"a roundabout or circuitous way," 1738, from French détour, from Old French destor "side road, byway; evasion, excuse," from destorner "turn aside," from des- "aside" (see dis-) + tourner "to turn" (see turn (v.)). In 18c. usually figurative. Usually treated as a French word in English (with italics and the accent mark) until late 19c.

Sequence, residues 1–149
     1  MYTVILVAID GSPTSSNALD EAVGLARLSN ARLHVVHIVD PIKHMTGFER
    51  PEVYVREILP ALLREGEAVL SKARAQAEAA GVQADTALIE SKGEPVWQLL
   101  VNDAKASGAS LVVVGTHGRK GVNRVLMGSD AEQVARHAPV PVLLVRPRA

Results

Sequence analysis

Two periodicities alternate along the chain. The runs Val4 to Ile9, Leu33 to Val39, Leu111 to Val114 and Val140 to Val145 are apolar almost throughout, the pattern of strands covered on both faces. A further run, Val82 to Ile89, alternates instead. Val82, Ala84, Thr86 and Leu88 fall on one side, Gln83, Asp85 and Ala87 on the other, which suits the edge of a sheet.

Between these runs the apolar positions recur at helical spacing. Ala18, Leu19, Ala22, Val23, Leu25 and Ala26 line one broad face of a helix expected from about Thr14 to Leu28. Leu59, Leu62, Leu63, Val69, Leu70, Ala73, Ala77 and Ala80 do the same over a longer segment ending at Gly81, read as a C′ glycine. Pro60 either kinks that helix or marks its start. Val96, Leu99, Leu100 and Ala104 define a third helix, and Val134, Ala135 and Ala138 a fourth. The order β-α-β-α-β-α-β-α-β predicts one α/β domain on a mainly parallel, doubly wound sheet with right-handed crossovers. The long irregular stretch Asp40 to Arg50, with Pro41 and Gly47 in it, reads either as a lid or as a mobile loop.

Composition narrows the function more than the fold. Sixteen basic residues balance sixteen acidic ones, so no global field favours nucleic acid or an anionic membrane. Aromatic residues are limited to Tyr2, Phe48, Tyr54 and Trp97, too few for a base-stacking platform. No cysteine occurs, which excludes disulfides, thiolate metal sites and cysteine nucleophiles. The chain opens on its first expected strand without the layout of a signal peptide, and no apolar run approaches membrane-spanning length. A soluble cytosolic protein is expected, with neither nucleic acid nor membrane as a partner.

1835, "make a detour" (intransitive); 1897, "send on a detour" (transitive), from detour (n.). Related: Detoured; detouring.